1. Technical. If the state authorities do not continue to create and maintain proper conditions for the rapid development of RES, Ukraine will be forced to continue operating power plants that have already worked for 50-60 years and crossed the line of their moral and physical deterioration. Their operation will require more and more costs for repairs and subsidies from the state budget of Ukraine. It is likely that the financing of the decommissioning of nuclear units and the disposal of spent nuclear fuel, as well as the installation of modern flue gas purification and nitrogen suppression systems at coal-fired power plants will remain unresolved. In the best case, the operation of existing coal and nuclear power plants will be continued until 2035, after which it will be decommissioned en masse and almost simultaneously. It is obvious that by that time new replacement capacities should have already been built. Already today, the cheapest option for the new generation is renewable energy sources, which continue to develop and improve their LCOE performance. For economic reasons, it is already clear that solar and wind energy will be the backbone of the energy systems of the future.
  2. Financial. In addition to financial losses from the operation of an outdated and inefficient energy system and rising prices for consumers, there is a new risk of exports from Ukraine under the expected carbon border adjustment mechanism in the EU (carbon border adjustment mechanism). Such a mechanism should be adopted in the EU no later than the second quarter of 2021, and introduced by 2023. The initiative is currently in the active phase of approval and public consultation. The new mechanism will set a duty on so-called “dirty” imports of certain goods into the EU. First of all, it will concern the import of steel, aluminum, cement, etc., most likely – electricity. Ukraine’s losses, as a result, are difficult to calculate, however, given that about 50% of manufactured goods are exported to the EU, it can be predicted that these losses will be very significant. For example, if this mechanism is introduced, Russia’s losses from exports are estimated at $3 to $4.8 billion annually.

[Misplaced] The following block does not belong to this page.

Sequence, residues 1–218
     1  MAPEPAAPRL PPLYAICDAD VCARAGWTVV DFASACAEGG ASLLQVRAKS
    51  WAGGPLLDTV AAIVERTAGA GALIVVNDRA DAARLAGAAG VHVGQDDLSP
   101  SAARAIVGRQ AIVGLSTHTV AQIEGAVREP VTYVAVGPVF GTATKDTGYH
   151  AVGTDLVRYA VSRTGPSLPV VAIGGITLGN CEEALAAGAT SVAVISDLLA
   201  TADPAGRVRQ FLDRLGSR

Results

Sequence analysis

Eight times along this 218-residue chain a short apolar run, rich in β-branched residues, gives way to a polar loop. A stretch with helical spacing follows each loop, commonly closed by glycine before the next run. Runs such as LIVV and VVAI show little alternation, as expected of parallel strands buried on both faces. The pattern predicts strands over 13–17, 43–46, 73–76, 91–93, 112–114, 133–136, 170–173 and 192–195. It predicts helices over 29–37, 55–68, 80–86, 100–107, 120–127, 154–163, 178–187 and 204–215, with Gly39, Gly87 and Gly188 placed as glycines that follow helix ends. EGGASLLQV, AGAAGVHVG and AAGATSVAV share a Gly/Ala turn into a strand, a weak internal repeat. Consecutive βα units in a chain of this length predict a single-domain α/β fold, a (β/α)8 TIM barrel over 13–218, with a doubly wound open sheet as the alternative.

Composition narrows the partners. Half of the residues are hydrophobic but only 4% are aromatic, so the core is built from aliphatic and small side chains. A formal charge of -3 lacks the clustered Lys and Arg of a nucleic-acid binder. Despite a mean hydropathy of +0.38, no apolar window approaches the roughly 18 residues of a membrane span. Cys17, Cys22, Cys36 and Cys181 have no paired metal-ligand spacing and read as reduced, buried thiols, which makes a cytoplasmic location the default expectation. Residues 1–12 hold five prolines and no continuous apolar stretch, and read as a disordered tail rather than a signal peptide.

3. Political. Moving in the opposite direction from the EU in the development of a national “Green Deal”, Ukraine is unlikely to be able to count on further political rapprochement and support from the EU. During the presentation of the European Hydrogen Strategy in Brussels on 08.07.2020, the Vice President of the European Commission F. Timmermans stressed that the combination of green hydrogen use with renewable energy sources provides ample opportunities to overcome the economic crisis caused by COVID-19. In this strategy, Ukraine is assigned the role of a strategic partner for the production and supply of new energy sources for the needs of the EU: green hydrogen and biomethane.
  4. Climatic. Unfortunately, given the current course, Ukraine will not fulfill its part of the global task of reducing greenhouse gas emissions under the Paris Agreement. The consequences for the planet from not fulfilling this task are expected to be catastrophic. As Bill Gates, the founder of Microsoft, recently warned, in a few decades the world will face a climate catastrophe that will be more dangerous than the COVID-19 pandemic. “As awful as this pandemic is, climate change could be worse”, — Bill Gates wrote. In the time of the global crisis caused by the COVID-19 pandemic, Fatih Birol, Executive Director of the International Energy Agency (IEA), is convinced: “Amid today’s extraordinary health and economic challenges, governments must not lose sight of the essential task of stepping up clean energy transitions to enable us to emerge from the crisis on a secure and sustainable path”.